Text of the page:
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A growing focus on op risk

A growing focus on op risk

Operational risk and resilience have taken centre stage over the past year. While op risk concerns all systems and controls that deliver effective solutions against the risks financial services businesses regularly face, Jonathan Peddie, partner at Baker McKenzie and chair of its Financial Institutions industry group, explores those that concern IT and outsourcing-related failures

Jonathan Peddie, Baker McKenzie
Jonathan Peddie, Baker McKenzie

While business continuity planning has always been important, the growing number and impact of IT-related events – linked to increasing digitalisation and outsourcing in financial services – have changed priorities. Andrew Bailey, chief executive of the UK Financial Conduct Authority (FCA) and incoming governor of the Bank of England, told the UK Parliament’s Treasury Select Committee last year (in evidence): “As we have hopefully mitigated some of the key risks of the financial crisis, the relative standing of operational risk – both growing as a risk in its own right, and as we have mitigated other things – has come up.”1 

The UK authorities are not alone in responding to op risk. The European Commission is consulting on harmonising European Union rules to make the financial sector more secure and resilient – with cyber attacks a particular concern. The upshot is that the authorities are giving heightened attention to op risk and the need for resilient systems and processes.

 

The consequences of failure

Last year’s events exemplified this trend. Joint action was taken by the Prudential Regulation Authority (PRA) and the FCA against Raphaels Bank, a small retail bank offering prepaid cards and charge cards in Europe. Following a technology malfunction by the bank’s outsourced card processor, there was a complete failure of IT services for more than eight hours, during which thousands of customers were unable to use their prepaid or charge cards. 

Raphaels Bank was found to have lacked adequate processes to identify and monitor these arrangements, especially over how they would support their continued operation during such a disruptive event. This resulted in a £1.9 million fine and probably an even larger dent in the bank’s reputation.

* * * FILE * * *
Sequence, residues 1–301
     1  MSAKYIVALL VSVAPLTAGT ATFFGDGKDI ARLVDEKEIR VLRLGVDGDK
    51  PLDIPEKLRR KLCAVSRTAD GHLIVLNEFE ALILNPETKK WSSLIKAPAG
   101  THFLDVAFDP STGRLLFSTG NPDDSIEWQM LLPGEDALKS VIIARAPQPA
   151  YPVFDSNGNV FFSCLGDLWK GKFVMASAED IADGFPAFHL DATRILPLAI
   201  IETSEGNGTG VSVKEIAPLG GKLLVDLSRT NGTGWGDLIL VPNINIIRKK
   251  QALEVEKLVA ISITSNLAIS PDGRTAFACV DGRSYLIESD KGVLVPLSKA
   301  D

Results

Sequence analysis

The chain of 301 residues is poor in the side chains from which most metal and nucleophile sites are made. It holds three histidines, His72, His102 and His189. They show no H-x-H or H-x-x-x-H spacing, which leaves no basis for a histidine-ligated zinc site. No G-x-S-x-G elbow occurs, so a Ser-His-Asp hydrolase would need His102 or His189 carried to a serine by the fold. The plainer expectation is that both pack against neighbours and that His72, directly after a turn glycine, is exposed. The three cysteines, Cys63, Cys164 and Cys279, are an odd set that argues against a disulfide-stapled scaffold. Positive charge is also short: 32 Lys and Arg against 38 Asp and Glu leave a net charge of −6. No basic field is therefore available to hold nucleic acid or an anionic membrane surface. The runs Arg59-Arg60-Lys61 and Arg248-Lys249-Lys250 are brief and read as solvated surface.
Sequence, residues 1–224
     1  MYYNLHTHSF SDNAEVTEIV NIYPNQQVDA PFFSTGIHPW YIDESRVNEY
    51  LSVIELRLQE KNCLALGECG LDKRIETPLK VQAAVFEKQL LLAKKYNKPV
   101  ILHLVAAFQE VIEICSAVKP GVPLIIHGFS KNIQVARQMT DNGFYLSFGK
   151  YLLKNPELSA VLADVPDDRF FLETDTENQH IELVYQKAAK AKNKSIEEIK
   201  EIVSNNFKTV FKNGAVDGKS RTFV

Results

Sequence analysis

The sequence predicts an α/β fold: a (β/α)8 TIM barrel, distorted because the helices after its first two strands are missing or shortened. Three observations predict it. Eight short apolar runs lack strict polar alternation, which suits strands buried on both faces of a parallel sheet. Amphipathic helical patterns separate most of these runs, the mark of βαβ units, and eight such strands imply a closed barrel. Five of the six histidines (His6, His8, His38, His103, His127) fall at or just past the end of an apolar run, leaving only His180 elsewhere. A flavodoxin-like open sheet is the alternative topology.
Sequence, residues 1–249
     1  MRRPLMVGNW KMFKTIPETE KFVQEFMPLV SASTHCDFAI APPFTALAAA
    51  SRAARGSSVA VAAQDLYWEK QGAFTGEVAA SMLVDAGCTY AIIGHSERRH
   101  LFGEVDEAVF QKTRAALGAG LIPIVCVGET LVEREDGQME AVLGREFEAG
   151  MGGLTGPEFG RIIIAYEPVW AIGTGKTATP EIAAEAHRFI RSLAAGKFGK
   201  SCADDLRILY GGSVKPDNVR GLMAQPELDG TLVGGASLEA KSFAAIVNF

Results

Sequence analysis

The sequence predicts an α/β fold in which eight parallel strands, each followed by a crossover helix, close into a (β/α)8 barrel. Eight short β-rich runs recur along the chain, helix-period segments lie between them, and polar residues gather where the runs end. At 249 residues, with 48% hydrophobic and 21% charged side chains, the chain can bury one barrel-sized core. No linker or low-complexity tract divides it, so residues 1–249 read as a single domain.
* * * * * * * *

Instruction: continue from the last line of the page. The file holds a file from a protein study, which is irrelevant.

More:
Managerial accountability

Illustrative of the spotlight cast on op risk is the political pressure on regulators. The Treasury Select Committee’s report last autumn into significant IT failures in financial services made recommendations to improve operational resilience, including ensuring accountability of individuals and firms.

This reference to holding individuals to account is a reminder of the growing responsibilities on senior staff under the Senior Managers and Certified Persons Regime (SMCR). Regulators will, for example, look at the actions of the senior manager holding the chief operations function responsible for a firm’s internal operations and technology. Individuals who fail to take reasonable steps – including training or appropriate oversight – to prevent or stop regulatory breaches in their area of responsibility will be identifiable and liable to disciplinary action. 

The SMCR regime has applied to banks, insurers and large investment firms since 2016 and was extended to most of the sector last year. Although enforcement cases are slow in coming through the investigations pipeline, given the regulatory focus it can only be a matter of time before we see the first cases.

 

Building resilience

In December 2019, following a discussion paper, the PRA and FCA published a consultation paper entitled Building operational resilience – Impact tolerances for important business services. With this publication, the UK’s prudential and conduct regulators aim to strengthen the regulatory framework to improve operational resilience in financial institutions. The regulatory expectation is for the sector to identify its critical business services and then, crucially, to establish an ‘impact tolerance’ for each of them, setting maximum acceptable levels of disruption using severe but realistic scenarios. Where necessary, boards and senior managers must strengthen resilience for services likely to exceed their maximum tolerances, and this is where they should expect to be scrutinised and held to account by regulators.

 

What good looks like

What will firms resilient to op risk look like? According to the PRA and FCA, having identified their most important services, they should develop a comprehensive understanding of and map of the systems and processes that support them, including those that are outsourced. They need to understand the impact of an individual system or process should it fail, together with its substitutability or recoverability.

As with all business continuity preparation, regular testing of contingency plans is essential. Operational incidents are worsened by communication failures, so robust communication plans are vital to allow decision-makers to mobilise the resources necessary to resolve incidents and to manage the expectations of customers and business partners as relevant. A key element of any communication plan is compliance with regulatory notification requirements, for example, as required under the EU’s General Data Protection Regulation and second Payment Services Directive.

Firms can expect to see new resilience proposals from the regulators in the second half of 2020.

Jonathan Peddie is a partner at Baker McKenzie and chair of its Financial Institutions Industry Group

[email protected]
+44 20 7919 1222
bakermckenzie.com

 

Read more about Risk.net’s Top 10 operational risks for 2020

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